The IoT – Internet of Things market is expected to double by the end of the decade and reach US$13 billion in Brazil. Equipment suppliers and developers of platforms, software, and industrial solutions will migrate from traditional applications to the IoT paradigm. According to IDC research, ten percent of the households interviewed had an Internet-connected device (game console, smart TV, air conditioner, security camera, etc.) other the PC and smartphone at home.
Mobile payments will gain critical mass, exceeding 30 percent of all financial transactions. Among electronic media, mobile devices have gained prominence. According to Brazil Central Bank, 60 percent of the Brazilian payment transactions were carried out on non-presence channels, such as the Internet, mobile phones and call centers.
An increasing number of companies are seeking information and knowledge on cloud computing. Demand for international collaboration, security, CRM, storage, and productivity will accelerate in the coming years. Virtualization and consolidation of infrastructure investment will continue as a priority in business. New solutions will lead to a profound change in the operation and delivery of IT solutions, as suppliers release specific and targeted offers for the cloud environment, with the rapid proliferation of platforms as a service (PaaS) and infrastructure as a service (IaaS). Public cloud is expected to grow above 20 percent per annum until the end of the decade. In 2017, the public cloud computing segment is expected to reach US$890 million.
The proximity between IT and line of business, will continue leveraging big data and analytics projects. A better understanding of organizational needs will intensify the cases and expansion of business areas. Analytics is projected to increase 4.8 percent reaching US$848 million in Brazil.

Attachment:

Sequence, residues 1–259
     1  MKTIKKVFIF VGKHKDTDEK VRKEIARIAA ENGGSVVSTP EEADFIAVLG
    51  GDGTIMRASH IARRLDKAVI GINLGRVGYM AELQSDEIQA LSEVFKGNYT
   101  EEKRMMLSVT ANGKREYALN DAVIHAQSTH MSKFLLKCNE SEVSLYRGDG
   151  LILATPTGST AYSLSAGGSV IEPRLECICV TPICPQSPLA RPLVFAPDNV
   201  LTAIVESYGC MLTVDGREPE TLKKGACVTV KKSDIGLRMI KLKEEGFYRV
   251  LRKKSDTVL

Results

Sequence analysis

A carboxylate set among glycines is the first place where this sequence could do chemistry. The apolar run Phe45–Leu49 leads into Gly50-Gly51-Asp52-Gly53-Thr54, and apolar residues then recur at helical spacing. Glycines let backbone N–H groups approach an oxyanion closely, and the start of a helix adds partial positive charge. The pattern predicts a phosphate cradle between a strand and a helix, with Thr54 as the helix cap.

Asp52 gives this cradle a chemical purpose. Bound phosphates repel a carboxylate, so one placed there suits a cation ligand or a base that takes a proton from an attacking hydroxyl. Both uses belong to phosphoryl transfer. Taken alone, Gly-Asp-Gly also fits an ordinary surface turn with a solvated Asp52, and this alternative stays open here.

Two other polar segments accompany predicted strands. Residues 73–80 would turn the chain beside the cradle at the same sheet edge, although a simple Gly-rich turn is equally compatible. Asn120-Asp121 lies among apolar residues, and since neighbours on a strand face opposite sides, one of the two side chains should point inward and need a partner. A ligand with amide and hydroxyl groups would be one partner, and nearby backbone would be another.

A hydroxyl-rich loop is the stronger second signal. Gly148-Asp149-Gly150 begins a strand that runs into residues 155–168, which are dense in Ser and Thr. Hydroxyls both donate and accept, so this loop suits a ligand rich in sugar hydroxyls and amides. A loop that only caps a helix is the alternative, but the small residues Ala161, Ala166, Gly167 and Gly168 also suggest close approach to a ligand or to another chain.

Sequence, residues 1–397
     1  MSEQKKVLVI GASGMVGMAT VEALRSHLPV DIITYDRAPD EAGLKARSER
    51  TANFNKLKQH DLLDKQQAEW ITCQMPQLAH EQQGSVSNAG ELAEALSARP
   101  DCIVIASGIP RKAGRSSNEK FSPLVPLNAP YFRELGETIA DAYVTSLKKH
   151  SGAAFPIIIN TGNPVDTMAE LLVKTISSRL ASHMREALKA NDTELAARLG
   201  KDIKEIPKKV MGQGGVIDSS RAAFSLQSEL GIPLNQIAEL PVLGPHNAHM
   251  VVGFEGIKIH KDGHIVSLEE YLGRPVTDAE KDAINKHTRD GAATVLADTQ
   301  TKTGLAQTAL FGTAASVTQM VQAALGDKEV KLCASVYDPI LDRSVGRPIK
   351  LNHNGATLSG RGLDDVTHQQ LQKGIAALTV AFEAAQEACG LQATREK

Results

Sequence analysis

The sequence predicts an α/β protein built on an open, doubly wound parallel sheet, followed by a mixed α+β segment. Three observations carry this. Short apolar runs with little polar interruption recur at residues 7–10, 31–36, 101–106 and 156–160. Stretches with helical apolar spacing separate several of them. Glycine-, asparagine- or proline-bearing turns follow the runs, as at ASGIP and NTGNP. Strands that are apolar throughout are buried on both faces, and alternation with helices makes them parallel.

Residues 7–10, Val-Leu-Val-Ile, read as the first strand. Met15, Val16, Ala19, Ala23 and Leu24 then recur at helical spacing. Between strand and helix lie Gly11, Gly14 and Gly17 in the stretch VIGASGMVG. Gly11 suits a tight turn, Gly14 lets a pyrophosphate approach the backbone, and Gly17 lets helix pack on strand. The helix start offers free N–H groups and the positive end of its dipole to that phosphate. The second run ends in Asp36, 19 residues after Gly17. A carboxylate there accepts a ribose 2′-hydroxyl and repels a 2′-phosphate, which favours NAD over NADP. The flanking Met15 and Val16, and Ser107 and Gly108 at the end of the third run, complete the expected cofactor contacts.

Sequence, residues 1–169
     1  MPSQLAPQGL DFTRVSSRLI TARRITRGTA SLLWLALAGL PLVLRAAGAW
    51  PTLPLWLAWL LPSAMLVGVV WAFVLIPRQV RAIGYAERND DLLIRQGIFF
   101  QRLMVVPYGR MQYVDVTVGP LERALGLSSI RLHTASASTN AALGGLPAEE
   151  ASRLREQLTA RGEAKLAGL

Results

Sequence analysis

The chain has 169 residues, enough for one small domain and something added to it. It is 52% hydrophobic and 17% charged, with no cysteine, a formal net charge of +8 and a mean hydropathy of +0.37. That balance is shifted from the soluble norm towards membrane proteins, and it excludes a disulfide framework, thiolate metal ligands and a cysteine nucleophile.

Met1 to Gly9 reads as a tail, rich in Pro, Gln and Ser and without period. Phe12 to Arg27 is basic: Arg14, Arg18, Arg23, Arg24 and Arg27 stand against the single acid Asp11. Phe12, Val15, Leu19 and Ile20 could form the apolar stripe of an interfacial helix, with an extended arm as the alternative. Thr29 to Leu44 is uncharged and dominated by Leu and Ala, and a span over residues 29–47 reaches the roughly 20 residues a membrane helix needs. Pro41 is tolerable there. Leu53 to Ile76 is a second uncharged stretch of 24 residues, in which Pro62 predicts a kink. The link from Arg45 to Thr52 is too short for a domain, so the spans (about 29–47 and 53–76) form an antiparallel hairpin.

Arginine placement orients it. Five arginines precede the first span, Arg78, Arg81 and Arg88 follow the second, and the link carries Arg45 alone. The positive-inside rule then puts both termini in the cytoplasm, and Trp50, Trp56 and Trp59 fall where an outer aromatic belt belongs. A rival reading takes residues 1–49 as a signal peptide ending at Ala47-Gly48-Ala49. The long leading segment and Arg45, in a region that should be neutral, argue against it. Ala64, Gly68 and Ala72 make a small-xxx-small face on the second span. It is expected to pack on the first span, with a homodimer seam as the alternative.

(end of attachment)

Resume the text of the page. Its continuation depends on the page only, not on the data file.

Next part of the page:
The majority of computer distributors in Brazil are national companies, but in recent years, foreign distributors have entered the market and have joined with Brazilian dealers/reseller channel partners to become more competitive. In most cases, to sell to the government one must have a local presence and/or partner to be allowed to participate in the bid process.
A strong financial partner is important for computer hardware/software distributors in Brazil; therefore, many Brazilian distributors are collaborating with banking partners to solidify their financial position. The increased financial resources of these distributors allow them to offer better financing and improved payment terms to their resellers. In Brazil, due to high interest rates on loans, this ability is a distinct competitive advantage.
As the number of resellers, value-added resellers (VARs), and agents grows and their portfolios expand, more distributors will adhere to local distribution models.
Brazil Information Technology Services Market Access